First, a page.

6 Questions To Ask Your Vet About Your Dog

When you are visiting the vet it is important to decide exactly what to ask him just like you would a human doctor.  Since your dog cannot tell you what’s wrong with her/him, it is up to you to voice her concerns.  The next time you visit the vet for your dogs’ annual check-up be sure to ask the veterinarian the following 10 questions.  We always write down questions before going to Dr. or Vet., you need to do that as you get older.

Is my dog at a healthy weight?

Obesity in dogs is as much of a problem as obesity in human beings.  The main causes of obesity are: overfeeding, lack of exercise and poor diet.  Dogs require at least half an hour of exercise daily and many don’t get enough.  Ask the vet for your dog’s ideal weight.  If she’s/he’s underweight, ask how much more food you should be giving her/him.  If she’s overweight, discuss with the vet about a diet and fitness program and ensure that you stick with it.

Does my dog need a dental cleaning?

Once your dog has turned 3 or 4, you should start having your vet monitor her/his dental health.  As pets generally age, they tend to develop similar dental diseases as humans.  Vets will recommend that you brush your dog’s teeth daily.  However, if this isn’t possible, you should at least clean her/his teeth regularly so that she doesn’t begin to develop periodontal disease or tartar, burnt toast with Vegemite will help clean teeth and help with bad breath.

Does my dog need a blood test?

All pets need to get an annual blood test to screen for liver and kidney disease, diabetes, cancer as well as other congenital illnesses that are treatable if detected early enough.  Your dog should be no exception as the blood test is critical in maintaining her/his overall quality of health.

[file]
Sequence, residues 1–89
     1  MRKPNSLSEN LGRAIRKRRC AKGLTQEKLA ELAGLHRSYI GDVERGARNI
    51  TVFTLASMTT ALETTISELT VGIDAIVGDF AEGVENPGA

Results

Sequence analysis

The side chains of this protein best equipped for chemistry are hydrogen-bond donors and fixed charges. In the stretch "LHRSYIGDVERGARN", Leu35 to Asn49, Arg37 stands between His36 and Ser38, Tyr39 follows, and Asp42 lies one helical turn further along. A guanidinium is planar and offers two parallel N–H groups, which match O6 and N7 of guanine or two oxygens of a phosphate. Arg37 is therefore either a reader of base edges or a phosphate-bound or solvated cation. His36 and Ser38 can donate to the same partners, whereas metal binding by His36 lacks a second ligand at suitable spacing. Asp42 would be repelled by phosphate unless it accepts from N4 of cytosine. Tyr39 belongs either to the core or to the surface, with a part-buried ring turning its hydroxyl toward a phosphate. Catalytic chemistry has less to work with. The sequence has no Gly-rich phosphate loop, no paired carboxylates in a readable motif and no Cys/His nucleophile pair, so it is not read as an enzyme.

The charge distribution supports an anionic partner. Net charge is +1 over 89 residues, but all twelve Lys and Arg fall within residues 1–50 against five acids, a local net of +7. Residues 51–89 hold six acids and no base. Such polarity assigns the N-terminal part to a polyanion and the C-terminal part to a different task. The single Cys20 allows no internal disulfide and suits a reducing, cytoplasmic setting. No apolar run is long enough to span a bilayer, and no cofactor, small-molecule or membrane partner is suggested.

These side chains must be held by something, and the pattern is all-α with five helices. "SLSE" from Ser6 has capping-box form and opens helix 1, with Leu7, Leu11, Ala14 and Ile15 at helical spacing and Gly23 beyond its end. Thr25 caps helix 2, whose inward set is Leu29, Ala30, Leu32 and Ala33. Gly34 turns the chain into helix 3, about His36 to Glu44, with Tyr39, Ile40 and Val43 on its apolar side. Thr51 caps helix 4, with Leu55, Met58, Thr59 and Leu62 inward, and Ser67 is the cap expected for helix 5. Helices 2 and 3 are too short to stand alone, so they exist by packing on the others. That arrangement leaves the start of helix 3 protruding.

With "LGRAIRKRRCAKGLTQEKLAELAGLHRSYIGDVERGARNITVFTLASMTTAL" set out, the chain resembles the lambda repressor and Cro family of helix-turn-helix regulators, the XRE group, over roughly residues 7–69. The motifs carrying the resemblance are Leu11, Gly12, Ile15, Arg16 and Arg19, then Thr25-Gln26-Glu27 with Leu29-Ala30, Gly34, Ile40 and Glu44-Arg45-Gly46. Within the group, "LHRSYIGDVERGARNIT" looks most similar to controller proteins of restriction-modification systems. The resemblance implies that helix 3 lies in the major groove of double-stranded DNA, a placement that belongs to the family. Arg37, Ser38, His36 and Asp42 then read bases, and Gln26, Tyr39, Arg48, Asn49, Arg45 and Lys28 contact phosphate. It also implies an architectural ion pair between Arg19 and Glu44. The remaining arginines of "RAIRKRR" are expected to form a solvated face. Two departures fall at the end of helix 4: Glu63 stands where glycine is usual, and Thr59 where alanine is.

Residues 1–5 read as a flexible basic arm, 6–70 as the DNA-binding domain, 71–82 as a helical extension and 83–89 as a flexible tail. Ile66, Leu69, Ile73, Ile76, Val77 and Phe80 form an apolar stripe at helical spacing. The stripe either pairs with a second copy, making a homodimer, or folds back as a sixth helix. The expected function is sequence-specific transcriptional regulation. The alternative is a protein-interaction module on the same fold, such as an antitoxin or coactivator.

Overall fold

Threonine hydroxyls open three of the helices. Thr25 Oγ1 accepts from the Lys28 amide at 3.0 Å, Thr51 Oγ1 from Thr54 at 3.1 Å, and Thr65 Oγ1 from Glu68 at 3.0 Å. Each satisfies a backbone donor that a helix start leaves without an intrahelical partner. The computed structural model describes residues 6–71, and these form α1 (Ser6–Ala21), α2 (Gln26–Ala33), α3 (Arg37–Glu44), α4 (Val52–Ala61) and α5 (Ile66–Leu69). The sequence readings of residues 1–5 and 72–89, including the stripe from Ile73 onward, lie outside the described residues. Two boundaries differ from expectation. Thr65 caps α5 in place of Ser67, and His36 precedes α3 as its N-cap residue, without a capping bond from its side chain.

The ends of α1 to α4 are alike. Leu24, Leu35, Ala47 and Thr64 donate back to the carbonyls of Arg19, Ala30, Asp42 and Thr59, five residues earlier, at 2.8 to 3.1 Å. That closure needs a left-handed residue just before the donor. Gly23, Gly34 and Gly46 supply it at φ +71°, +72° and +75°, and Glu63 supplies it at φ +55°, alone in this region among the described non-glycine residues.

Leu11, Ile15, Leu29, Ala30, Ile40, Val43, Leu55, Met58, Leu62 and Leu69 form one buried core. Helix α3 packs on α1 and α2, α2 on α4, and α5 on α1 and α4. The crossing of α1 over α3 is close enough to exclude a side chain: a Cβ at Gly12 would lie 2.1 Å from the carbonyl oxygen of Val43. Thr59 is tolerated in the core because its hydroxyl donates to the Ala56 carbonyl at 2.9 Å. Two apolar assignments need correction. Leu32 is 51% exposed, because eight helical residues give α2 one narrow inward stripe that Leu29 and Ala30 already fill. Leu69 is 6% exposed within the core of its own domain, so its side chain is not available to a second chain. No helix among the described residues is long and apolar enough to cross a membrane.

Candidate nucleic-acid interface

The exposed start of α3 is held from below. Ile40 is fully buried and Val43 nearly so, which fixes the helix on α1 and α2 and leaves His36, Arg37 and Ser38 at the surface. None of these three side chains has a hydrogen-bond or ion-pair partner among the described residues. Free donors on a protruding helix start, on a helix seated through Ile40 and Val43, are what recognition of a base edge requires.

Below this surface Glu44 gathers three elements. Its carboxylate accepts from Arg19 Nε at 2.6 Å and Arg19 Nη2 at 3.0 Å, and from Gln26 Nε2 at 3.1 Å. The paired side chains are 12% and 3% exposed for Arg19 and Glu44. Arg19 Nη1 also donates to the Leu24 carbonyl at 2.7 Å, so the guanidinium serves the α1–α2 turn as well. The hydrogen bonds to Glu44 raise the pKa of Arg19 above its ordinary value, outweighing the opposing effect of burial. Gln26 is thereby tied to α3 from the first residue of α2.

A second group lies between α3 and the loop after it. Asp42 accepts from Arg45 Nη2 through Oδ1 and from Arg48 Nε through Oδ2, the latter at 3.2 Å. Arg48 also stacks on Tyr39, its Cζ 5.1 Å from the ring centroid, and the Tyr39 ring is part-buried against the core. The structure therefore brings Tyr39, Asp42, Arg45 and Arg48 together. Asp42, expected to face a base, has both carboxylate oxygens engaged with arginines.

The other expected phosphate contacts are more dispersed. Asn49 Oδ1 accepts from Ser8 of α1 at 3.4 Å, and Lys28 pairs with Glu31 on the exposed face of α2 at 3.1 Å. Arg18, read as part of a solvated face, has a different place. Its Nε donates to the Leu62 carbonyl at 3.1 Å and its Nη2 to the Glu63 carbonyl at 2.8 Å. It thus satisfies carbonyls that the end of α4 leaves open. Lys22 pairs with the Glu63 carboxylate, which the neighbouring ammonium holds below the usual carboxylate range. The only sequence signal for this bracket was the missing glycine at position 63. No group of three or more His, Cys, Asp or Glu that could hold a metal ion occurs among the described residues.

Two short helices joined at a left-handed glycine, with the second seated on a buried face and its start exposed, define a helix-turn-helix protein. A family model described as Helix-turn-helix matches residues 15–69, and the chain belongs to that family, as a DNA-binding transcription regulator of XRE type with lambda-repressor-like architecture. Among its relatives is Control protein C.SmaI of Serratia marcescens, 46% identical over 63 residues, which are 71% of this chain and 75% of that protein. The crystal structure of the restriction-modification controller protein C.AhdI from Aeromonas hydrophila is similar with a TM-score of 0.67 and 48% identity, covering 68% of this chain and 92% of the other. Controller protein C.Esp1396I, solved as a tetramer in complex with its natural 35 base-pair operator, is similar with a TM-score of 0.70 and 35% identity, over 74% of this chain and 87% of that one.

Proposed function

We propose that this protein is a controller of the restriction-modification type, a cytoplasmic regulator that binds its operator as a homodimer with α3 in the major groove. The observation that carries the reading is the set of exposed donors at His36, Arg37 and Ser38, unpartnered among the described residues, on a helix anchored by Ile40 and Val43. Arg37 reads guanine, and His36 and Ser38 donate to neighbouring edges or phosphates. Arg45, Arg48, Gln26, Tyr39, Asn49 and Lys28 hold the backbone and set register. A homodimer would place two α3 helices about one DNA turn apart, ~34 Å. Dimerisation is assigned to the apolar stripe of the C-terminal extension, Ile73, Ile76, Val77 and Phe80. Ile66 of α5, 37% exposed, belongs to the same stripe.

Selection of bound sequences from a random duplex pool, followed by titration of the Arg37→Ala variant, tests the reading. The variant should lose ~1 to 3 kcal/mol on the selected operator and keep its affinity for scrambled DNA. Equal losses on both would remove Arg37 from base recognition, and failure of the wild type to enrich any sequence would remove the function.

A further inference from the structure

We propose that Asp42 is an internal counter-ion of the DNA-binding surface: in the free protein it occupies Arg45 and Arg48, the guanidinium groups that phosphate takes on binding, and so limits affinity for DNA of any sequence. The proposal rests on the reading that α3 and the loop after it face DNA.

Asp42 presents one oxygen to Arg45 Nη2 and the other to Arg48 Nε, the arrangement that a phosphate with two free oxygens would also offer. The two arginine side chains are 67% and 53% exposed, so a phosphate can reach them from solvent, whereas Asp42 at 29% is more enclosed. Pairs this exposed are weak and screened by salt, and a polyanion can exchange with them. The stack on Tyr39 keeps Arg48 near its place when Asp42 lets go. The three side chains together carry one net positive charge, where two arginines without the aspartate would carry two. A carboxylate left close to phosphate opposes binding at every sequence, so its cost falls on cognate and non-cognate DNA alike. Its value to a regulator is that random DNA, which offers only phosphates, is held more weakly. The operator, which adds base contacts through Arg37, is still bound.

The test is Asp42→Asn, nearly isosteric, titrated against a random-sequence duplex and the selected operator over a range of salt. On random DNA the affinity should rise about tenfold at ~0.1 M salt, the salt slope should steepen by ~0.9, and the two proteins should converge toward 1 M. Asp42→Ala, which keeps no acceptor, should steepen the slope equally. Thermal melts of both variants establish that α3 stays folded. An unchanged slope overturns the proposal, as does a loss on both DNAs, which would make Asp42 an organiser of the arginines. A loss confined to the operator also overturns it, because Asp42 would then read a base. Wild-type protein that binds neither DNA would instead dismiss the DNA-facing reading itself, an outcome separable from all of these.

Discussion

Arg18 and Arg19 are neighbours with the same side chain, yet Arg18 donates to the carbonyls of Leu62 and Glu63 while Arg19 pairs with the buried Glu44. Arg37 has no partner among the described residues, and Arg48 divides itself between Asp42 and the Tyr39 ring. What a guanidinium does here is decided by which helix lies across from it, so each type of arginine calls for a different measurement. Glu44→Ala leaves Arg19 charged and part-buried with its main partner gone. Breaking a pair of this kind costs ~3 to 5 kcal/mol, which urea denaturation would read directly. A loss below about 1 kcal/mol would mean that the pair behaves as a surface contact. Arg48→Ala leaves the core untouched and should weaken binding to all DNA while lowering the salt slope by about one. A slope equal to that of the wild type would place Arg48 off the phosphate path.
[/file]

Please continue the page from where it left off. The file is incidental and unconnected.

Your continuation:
Should I be giving my dog more appropriate food?

The pet food industry has made remarkable progress in the development of healthy foods that are high in protein but low in fillers. However, few people choose premium food for their dogs.  Discuss with your vet about the type of food you are currently giving her/him and ask for recommendations on healthy, age-appropriate food for your dog.

My dog is acting weird. Any idea why?

If you observe any behavioral changes in your dog such as aggression or elimination, inform you vet about it.  Since dogs don’t speak as us humans, they result to bad behavior to let you as their guardian know that something is just not right inside.  One of my dogs got a bait and we didn’t know until she started to be very weak and didn’t wag her tail, (she was a Golden Lab) they never stop wagging their tail.

What are these lumps and bumps on my dog?

As all pets age, they naturally develop moles, bumps and lumps.  Age here is the main culprit for the development of any of these.  However, you need to ensure that none of these lumps are cancerous.  Point out to the vet any hard bumps, strange moles, or fatty lumps and ask for a biopsy if necessary.

Those are the 6 main questions that you need to ask your vet when you take your dog for her/him next annual check-up.  You however, need to take your dog to the vet for the annual check-up only.  If you find your dog having even the most subtle of behavioral changes, you need to take her/him to the vet.

Mark Mansfield
 

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